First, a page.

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Baby, it's cold outside -- for plants, too!

Friday - 10/28/2011, 12:11pm  ET

AP: 60a29f05-6e45-419e-9d72-7f7e8a903074
Roots trapped above ground in the winter can freeze, causing the plant to die. (AP Photo/Dean Fosdick)

Are your plants ready for an early taste of winter?

WTOP Garden Editor Mike McGrath


Don't leave plants in pots outdoors over winter

Bob in Aspen Hill writes: "I've tried growing rosemary in my garden without much success. This spring I put one in a container and it's done BEAUTIFULLY! My question is whether or not to bring it indoors for the winter."

Well, you can't leave rosemary -- or pretty much any plant -- outside in a container over winter, Bob. The roots, trapped above ground, would freeze and the plant would die. (And nine times out of 10, the container will crack as well.)

And rosemary is even tricky in the garden! Our region is right at the dividing line for Mediterranean plants like rosemary being able to survive winter outdoors with their roots in the ground. (In the heat sink of the city, it does fine. Out in the open in the suburbs, it's a crapshoot.)

If you want to risk the outdoors, plant it in your best draining, most sheltered location (not in a low, wet spot out in the open!). Otherwise, bring it inside to your sunniest window, turn it frequently, don't feed it, don't let it get bone dry or overwater it -- and it might survive until spring.

Wise watering over winter -- repot it into a bigger container, using only soil-free mix and compost (no garden dirt). Feel the weight of the pot. Take the pot to a sink, fill the sink with a couple inches of water and let the drainage holes suck the water up for an hour. Now feel the weight again -- it should feel much heavier. Put the plant back in place and "rock" it frequently. Don't water again until it feels light, and never let water sit in the protective saucer underneath.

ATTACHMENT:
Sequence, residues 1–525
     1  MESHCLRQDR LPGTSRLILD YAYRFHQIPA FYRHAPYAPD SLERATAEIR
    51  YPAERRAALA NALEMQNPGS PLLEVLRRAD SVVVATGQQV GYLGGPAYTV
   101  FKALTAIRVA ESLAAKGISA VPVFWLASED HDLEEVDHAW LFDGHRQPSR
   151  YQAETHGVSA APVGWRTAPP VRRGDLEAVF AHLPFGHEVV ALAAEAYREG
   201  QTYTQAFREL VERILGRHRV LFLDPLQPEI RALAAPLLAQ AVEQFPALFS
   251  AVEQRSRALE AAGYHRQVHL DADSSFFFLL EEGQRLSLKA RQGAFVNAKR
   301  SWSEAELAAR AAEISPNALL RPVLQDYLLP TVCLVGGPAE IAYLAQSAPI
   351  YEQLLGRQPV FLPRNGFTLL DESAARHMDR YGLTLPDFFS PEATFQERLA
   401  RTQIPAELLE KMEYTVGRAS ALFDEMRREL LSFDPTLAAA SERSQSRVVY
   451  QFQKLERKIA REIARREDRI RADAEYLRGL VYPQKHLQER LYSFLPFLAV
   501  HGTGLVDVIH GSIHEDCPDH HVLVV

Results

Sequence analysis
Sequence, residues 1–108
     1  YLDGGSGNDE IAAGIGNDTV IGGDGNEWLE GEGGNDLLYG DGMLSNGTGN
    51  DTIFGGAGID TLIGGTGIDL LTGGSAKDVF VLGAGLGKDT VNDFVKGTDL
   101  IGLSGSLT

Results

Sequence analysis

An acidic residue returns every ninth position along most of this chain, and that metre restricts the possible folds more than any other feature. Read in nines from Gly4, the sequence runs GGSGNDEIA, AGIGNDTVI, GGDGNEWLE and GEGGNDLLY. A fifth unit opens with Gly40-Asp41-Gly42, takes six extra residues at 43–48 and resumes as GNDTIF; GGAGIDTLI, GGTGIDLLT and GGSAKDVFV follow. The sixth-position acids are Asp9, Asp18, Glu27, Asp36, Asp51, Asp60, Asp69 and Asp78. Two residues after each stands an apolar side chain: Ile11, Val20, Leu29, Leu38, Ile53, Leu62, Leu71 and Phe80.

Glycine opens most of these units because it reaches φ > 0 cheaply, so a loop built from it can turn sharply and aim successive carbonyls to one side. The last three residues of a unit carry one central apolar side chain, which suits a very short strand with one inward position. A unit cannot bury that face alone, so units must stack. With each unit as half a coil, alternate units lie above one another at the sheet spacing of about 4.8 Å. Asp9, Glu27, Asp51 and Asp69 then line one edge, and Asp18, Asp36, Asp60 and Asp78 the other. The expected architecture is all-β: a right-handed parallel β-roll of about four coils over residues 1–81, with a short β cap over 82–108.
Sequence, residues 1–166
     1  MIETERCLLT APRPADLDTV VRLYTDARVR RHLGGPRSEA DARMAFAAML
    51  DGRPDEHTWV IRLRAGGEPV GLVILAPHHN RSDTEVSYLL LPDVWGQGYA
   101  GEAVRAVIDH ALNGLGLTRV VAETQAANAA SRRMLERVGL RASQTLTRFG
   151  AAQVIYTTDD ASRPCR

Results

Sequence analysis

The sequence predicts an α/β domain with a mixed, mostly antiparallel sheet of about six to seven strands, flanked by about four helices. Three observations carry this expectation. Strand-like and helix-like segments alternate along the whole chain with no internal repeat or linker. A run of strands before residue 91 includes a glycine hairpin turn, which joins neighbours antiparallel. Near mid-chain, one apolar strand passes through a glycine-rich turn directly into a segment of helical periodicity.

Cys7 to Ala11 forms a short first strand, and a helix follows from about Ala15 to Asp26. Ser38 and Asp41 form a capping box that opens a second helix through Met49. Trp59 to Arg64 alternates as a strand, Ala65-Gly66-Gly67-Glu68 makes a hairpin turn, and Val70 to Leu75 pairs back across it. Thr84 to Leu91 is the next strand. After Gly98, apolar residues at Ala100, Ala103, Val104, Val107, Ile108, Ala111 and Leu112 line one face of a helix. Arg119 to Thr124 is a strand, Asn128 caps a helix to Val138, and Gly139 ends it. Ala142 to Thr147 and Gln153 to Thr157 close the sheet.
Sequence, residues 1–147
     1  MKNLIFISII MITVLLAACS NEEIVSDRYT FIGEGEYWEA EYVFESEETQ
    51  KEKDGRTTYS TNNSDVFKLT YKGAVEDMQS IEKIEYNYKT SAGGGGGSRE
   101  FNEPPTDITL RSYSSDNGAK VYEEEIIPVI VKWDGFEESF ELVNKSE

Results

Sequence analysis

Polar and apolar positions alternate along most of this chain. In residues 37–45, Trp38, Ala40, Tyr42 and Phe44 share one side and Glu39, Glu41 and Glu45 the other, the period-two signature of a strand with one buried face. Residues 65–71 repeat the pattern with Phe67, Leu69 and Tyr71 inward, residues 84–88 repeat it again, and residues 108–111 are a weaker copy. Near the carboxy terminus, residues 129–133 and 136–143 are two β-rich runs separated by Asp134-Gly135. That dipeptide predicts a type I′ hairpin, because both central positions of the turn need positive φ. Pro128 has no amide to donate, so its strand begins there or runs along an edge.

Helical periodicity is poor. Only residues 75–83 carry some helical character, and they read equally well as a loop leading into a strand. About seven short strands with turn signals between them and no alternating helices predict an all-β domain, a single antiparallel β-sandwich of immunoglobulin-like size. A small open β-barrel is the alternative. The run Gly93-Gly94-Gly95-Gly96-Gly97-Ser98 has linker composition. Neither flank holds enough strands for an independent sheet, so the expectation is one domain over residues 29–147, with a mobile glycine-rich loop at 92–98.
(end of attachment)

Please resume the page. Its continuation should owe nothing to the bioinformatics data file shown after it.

The lavender hill mob

In our last thrilling episode, we warned Bob in Aspen Hill not to leave rosemary -- or pretty much any plant -- outdoors over winter in a container. "But we also have two lavender plants that are new this year," he adds. "One is in the ground, the other in a container. What should we do with them?"

Well, that depends on the type of lavender, Bob. English lavender should survive winter outdoors in our area with its roots in the ground. If that's what the plant tag says you have, plant both specimens outside in a sheltered location with good drainage.

But Spanish and French lavenders are NOT reliably hardy in our area. Maybe they'll survive inside a walled garden in the heat sink of the District proper (with great draining soil), but not in an exposed area in the burbs with soil that drains poorly.

If you have a tender type, pot them up and bring them indoors to a nice sunny window. Don't feed them. Don't under- or overwater them (see rosemary, above) and think good thoughts -- they're tricky plants indoors.

Making your bed for winter

Jennifer up in Baltimore writes: "I have two raised beds in a local community garden and would like your advice on how to best winterize and prepare these plots for the upcoming spring. So far I've only concentrated on weeding. I typically add some compost to the soil, and mulch with an inch or two of Leafgro in the spring. But what should I do this fall?"

Continue weeding the beds, Jenn -- and then cover them with an inch or two of well-shredded leaves to maintain their soil nutrients and prevent heaving and thawing. Push the shredded leaves to the side in the spring, add your compost and Leafgro to the surface of the soil -- don't mix them in, tilling causes weed problems -- and then re-use the shredded leaves as a weed-suppressing mulch.

Sure, you can still sod!

Brian in D.C. writes: "The city has been working on our road for the last few months, and this has taken a heavy toll on a relatively small area of our lawn; the grass has pretty much been destroyed. I was going to have sod laid over the area but now I'm wondering if it's gotten too late in the year."

Not at all, Brian! Although sod is much more expensive than seed, it has the distinct advantage of having much longer and more frequent windows of application. Unlike grass seed, you can install sod in the spring or the fall. And in the fall, all it needs is about four to six weeks before the soil freezes hard to get established. So if you can still get the sod you want, go right ahead -- you'd have to wait almost a year to sow new seed.

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